Parry had been in ill health when he composed this work, something which had caused him to resign as Professor of Music at Oxford. Ironically, this freed up more of his time for composition and the fifth symphony was one of a batch of late works that represent the best of his output. He also wrote a book, Instinct and Character, which was rejected by his publishers and to the best of my knowledge remains unpublished. The book was an expression of his ethical views, and these lent themselves to the individual movement's titles – Stress, Love, Play, and Now. The second movement, Love, contains one of the most wonderful melodies Parry ever wrote, and as such is the glowing heart of a work that oozes class and style.

Day 302

29 October 2017: Malipiero – Symphony No. 10, 'Atropo' (1967)
Italian composer Gian Francesco Malipiero was something of a late-flowerer of a composer. He was born in 1882, the same year as Stravinsky, Szymanowski, and Kodály, and yet he feels like a more modern composer than any of those, primarily because most of output was written in his later years. This symphony, for example was the tenth of eleven to which he gave numbers, all of which were written after he'd turned 50, as too were three other works he called symphonies – Sinfonia in un tempo, Sinfonia dello Zodiaco, and Sinfonia per Antigenida. Stylistically, his music is an interesting mix of contemporary techniques inflected by a strong influence of pre-19th-century music from his homeland.

This short symphony, with a running time of around 13 minutes in the only recording that I'm aware of, is dedicated to the German conductor Hermann Scherchen, who was a champion of his music. The name ‘Atropo’ comes from the ancient Greek goddess who ended the life of mortals by cutting their thread. It's a very fine symphony, and a poignant tribute. The opening woodwind theme is almost certainly a quoted melody from early music, although I can't identify it. This is heard over a ground bass, but the mood soon changes as the music moves into the angular contrapuntalism that readily identifies his style. A lovely but all-too-short Tranquillo slow movement again opens with a delicate theme – for strings this time – over a ground bass. The closing moments of the finale are especially pleasing with the woodwinds intoning in a madrigal style against a backdrop of unsettling harp and celesta accompaniment, before low brass chords add a suitable full stop.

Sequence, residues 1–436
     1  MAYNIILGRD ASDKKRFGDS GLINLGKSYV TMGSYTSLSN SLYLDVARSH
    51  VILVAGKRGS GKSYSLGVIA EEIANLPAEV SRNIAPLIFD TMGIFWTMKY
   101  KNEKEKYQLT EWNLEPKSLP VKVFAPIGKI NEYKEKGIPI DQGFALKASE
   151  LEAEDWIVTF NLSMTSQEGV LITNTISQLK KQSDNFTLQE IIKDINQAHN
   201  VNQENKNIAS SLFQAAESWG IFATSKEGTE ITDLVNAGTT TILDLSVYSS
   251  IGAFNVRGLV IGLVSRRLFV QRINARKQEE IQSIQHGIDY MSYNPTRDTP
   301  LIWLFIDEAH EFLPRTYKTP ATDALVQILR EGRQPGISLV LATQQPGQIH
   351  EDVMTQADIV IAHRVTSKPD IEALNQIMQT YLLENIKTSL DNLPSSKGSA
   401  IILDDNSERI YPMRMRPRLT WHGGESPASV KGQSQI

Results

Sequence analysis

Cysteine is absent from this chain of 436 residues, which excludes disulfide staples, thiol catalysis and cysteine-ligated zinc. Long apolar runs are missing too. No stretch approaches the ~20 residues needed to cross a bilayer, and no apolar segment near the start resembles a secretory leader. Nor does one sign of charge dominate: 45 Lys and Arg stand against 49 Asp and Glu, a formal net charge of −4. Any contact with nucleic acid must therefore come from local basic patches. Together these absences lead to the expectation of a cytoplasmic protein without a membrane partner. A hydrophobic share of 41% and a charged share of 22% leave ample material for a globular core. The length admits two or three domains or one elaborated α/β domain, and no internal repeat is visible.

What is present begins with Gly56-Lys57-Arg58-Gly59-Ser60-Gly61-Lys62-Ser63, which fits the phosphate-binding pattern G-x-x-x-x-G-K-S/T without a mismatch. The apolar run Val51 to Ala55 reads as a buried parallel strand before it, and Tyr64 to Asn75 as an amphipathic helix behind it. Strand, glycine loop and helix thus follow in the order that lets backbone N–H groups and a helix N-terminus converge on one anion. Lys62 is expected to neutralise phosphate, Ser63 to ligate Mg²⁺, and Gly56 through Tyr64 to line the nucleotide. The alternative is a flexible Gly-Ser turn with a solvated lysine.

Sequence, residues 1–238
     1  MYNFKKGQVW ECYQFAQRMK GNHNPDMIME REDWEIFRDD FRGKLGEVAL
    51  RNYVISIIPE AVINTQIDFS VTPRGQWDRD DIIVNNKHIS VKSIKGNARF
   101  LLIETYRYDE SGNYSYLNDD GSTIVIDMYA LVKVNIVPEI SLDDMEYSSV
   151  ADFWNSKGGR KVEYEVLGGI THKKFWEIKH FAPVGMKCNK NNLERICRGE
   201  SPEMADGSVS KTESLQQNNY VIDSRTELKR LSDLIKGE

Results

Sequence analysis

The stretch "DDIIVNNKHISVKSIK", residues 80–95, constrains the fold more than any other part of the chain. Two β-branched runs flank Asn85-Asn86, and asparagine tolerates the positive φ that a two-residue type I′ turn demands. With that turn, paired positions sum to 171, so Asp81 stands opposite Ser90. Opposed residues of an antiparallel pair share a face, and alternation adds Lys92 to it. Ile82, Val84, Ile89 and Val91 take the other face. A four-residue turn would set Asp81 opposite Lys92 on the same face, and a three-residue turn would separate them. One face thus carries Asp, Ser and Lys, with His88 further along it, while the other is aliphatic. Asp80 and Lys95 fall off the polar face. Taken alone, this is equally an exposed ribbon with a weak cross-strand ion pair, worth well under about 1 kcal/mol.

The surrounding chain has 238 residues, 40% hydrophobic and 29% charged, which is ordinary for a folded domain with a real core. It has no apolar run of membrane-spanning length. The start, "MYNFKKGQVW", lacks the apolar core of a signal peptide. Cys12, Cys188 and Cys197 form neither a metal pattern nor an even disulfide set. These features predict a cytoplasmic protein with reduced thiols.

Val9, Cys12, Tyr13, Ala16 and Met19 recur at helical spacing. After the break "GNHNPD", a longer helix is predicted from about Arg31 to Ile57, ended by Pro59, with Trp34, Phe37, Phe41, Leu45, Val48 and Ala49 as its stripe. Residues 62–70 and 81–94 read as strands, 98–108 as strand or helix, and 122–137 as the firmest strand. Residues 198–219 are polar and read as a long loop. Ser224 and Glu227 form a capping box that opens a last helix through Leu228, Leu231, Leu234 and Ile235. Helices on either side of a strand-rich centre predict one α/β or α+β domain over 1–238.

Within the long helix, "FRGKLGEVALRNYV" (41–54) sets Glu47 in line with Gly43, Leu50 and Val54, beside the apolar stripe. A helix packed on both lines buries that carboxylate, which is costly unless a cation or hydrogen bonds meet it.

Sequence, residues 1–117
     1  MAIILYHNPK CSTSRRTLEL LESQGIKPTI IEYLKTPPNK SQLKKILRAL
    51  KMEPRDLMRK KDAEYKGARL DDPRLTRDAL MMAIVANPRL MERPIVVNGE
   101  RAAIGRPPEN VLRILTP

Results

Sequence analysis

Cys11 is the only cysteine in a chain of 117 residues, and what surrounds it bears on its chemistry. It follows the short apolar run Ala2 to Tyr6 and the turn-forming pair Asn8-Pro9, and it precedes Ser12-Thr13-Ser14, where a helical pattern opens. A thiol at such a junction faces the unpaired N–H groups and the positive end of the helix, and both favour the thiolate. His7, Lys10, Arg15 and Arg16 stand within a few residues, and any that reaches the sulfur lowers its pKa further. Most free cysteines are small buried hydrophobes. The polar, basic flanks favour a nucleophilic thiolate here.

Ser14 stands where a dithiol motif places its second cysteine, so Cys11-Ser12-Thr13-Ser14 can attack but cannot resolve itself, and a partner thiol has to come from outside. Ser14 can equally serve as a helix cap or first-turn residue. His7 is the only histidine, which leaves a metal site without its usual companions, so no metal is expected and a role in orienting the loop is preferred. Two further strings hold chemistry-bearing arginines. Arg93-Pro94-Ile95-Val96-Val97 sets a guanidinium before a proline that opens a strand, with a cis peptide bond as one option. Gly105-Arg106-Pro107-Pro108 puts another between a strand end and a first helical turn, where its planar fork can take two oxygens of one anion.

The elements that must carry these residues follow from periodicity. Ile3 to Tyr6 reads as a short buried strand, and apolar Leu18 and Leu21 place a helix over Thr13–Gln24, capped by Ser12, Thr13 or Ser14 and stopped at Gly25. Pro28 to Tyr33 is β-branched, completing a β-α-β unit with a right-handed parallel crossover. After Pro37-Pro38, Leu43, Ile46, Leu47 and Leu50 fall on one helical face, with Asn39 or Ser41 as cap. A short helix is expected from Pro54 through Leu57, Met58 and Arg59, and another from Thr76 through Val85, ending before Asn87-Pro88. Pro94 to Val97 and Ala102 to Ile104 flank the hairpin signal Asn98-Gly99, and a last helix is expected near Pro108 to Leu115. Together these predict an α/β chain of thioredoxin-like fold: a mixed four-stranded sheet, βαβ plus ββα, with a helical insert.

Sunday, 22 October 2017

Days 289 – 294

Day 289

16 October 2017: Haydn – Symphony No. 94, 'Surprise' (1791)
You're probably aware that, with one or two date-specific exceptions, I've been working through composers' works in chronological order. So you may be wondering why, after featuring Josef Haydn's Symphony No. 100 last month (see Day 247), I've suddenly jumped back to number 94. Well I'm afraid I can offer no more adequate explanation than the fact that I simply forgot about this one!

Haydn was very fond of the crowd-pleasing gimmick. Whether it was the musicians leaving the stage one-by-one in the 'Farewell' (see Day 62), a bagpipe drone effect in 'The Bear' (see Day 151), or Turkish percussion and trumpet fanfares in his 'Military' Symphony No. 100, the desire was always to get the crowd on their feet and give the reviewers something to write about. The 'Surprise' features probably the most famous device of them all. The slow movement begins very quietly with an almost nursery rhyme theme, then suddenly at the end of the first repeat there is a fortissimo chord that must have made the audience at the first performance collectively crap themselves. It has to be said that it's an otherwise forgettable symphony, that probably wouldn't be considered one of his greatest compositions. But as ever with Haydn, it was all about giving the punters what they want.

Day 290

17 October 2017: Sibelius – Symphony No. 6 (1923)
Sandwiched between his mighty fifth and sublime seventh symphonies, Jean Sibelius's sixth is by no means his most popular. It is nevertheless an enigmatic work many consider his best. All three symphonies were, in fact, worked upon almost simultaneously in the years after World War I. Sibelius references all three in a letter of 1918, although his ideas for this symphony and the seventh were far removed from how they eventually turned out. In the letter, he described this work as 'wild and impassioned in character' while the final product is rather more restrained. It is both traditional, in the sense of having a conventional four-movement structure, and yet breaks with tradition in its use of the Dorian mode – seemingly as a consequence of his developing interest in the music of Palestrina at the time.

Sibelius himself referred to the symphony as 'pure cold water', drawing attention to its contrast with the extravagances occurring elsewhere in the musical world at the time, notably in Vienna and St Petersburg. Possibly because he was concerned at all aspects of the world seeming to accelerate out of control, time seems to stand still in this piece, the tone having been set by the exquisite, clear as crystal opening with strings and woodwinds interweaving beautifully in modal lines. This may well have seemed like a palate-cleanser, with serialism and expressionism holding sway at the time. The ending is incredible with hesitant phrases eventually dwindling away to emptiness; not for nothing was Michael Tilson Thomas's 1988 TV essay about this symphony entitled Journey Into Silence. For a work of such clarity of purpose, it still takes a few listens to fully absorb its intricacies, and therein is the mark of great art.